When the 17-year-old boy, who had been locked in a house for months near Sabha in Libya, said his family in Côte d’Ivoire could not pay for his release, his captors showed no mercy.
“They tortured us to force us to call our relatives to extort money from them. If you don’t pay, you don’t go out … I told [the head of the ‘prison’] that I did not have any family members, that all of them had died. He answered: ‘You will join them in death if you don’t pay.’ I started crying, and so they started beating me with a belt and a broomstick,” he said.
The teenager’s story was included in an Amnesty International report documenting abductions, torture and other abuses by smugglers and armed groups in Libya. The rights group said these horrors are driving many refugees and migrants to “risk their lives in treacherous sea crossings in a desperate attempt to reach safety in Europe”.
The chilling testimonies were released as the European Union struggles to tackle the growing number of people attempting to cross the Mediterranean from Libya.
Amnesty warned that efforts to destroy smugglers’ vessels before they are used could leave migrants and refugees trapped in a conflict zone, and it urged the EU to deploy the promised rescue vessels swiftly where they are needed most, as well as to offer more resettlement places.
Amnesty carried out 70 interviews between August 2014 and March this year. As well as newly arrived migrants, it found that people from established migrant communities in Libya were seeking to flee the growing lawlessness.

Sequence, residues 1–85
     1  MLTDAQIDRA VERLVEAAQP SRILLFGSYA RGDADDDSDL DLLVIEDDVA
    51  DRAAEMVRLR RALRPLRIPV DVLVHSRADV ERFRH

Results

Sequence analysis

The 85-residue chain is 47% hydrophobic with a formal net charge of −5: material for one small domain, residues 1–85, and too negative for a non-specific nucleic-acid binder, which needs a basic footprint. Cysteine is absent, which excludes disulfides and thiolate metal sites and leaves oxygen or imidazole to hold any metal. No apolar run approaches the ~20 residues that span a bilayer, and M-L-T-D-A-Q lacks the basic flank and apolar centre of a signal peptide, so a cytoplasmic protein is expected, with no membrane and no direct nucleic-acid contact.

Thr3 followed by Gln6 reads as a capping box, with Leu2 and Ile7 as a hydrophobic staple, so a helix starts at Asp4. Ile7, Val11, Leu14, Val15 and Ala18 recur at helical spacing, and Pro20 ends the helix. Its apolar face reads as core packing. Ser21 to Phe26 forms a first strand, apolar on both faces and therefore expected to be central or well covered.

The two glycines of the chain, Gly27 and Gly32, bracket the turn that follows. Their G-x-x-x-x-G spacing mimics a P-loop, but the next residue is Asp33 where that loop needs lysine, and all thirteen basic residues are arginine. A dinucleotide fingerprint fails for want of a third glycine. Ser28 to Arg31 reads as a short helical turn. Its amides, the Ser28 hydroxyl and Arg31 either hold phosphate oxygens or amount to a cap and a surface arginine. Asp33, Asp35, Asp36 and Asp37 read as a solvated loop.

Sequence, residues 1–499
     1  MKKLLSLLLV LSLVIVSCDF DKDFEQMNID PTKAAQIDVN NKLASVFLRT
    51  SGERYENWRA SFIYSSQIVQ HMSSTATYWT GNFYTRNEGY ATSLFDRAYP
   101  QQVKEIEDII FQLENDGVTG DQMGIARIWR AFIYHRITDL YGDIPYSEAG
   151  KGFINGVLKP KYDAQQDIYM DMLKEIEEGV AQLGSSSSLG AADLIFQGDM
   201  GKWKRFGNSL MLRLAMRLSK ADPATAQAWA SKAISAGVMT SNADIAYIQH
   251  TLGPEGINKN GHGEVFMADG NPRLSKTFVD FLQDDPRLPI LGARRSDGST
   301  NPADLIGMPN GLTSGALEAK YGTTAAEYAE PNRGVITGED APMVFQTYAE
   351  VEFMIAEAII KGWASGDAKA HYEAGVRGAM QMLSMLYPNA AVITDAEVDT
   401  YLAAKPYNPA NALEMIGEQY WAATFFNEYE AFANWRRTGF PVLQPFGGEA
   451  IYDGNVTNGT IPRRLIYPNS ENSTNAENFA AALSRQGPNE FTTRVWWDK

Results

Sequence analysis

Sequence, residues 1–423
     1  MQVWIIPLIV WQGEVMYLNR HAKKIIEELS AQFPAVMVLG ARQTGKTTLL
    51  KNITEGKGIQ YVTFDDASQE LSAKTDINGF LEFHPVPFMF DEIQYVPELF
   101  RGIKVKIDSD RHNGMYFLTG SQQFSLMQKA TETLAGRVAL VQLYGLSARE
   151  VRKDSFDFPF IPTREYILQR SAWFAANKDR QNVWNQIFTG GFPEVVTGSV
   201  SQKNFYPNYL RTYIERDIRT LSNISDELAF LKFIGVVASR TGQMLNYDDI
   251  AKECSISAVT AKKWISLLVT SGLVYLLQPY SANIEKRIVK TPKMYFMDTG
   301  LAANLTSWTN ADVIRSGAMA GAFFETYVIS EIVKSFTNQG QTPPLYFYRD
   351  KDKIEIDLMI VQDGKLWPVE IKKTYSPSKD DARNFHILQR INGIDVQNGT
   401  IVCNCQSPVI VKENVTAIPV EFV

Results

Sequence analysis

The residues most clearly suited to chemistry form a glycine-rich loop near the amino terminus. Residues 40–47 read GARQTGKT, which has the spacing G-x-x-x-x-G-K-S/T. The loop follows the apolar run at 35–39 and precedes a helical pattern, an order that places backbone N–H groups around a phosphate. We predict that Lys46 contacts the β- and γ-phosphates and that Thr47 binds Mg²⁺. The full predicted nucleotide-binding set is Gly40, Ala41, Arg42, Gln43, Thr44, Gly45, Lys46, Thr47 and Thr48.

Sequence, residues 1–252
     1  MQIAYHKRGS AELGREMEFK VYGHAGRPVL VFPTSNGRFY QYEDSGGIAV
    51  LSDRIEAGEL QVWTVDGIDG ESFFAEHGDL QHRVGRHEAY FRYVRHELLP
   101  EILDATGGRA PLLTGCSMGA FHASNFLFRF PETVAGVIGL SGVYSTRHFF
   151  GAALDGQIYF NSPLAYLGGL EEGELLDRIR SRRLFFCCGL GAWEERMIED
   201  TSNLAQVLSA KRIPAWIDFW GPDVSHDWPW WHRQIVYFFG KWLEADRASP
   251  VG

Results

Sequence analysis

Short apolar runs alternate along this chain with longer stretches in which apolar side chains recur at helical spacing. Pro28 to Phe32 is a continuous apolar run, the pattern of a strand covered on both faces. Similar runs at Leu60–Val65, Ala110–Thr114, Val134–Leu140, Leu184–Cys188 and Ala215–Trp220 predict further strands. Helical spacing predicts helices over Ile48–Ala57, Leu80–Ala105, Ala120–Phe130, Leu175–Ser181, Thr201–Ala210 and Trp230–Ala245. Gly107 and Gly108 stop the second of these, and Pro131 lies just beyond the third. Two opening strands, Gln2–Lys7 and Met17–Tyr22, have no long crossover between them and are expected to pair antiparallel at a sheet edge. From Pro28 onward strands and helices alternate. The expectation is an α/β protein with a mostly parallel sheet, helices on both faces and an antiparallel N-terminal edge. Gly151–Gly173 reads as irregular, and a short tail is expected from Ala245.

The young Ivorian arrived in Sicily last June; he said the smugglers, who had helped him get into Libya in March 2014, handed a group of migrants over to an armed group, which imprisoned them in a three-storey house for months. The teenager said the “prison” was run by Libyans but that Ghanaians were also working there.
Mohamed, a Somali refugee interviewed in Sicily in April, said his group had entered Libya through the Sahara.
“In the desert, Libyan men were forcing, torturing us, beating us with swords, guns, stones, Kalashnikovs. They would beat us every day. They broke my finger, a friend had [a] broken arm. We couldn’t escape. My friend Mohamed tried to escape and was shot dead. Another man was hit on the head with a stone and died … I stayed one month, then paid. My mother’s brother is in Holland; he paid,” he said.
Abuse at all stages of the smuggling route
The report said migrants and refugees face abuses at all stages of the smuggling routes from West and East Africa towards the Libyan coast. Many were abducted and tortured to force them and their families to pay ransoms.
A Nigerian woman told Amnesty she was gang-raped when she arrived in Sabha in December 2012, after five armed robbers had abducted her and her husband.
“They took us to a far place outside the city in the desert. They tied my husband’s hands and legs to a pole and gang-raped me in front of his eyes,” she said.
Amnesty found that abuses were not confined to desert areas but included major cities. The researchers were also told of abuses in immigration detention centres among migrants and refugees, including children. One woman said officials at one centre had beaten a pregnant woman to death.
“The international community has stood and watched as Libya has descended into chaos since the 2011 Nato military campaign ended, effectively allowing militias and armed groups to run amok,” said Philip Luther, Amnesty’s director for the Middle East and North Africa. “World leaders have a responsibility and must be prepared to face the consequences, which include greater levels of refugees and migrants fleeing conflict and rampant abuse in Libya.” – © Guardian News & Media 2015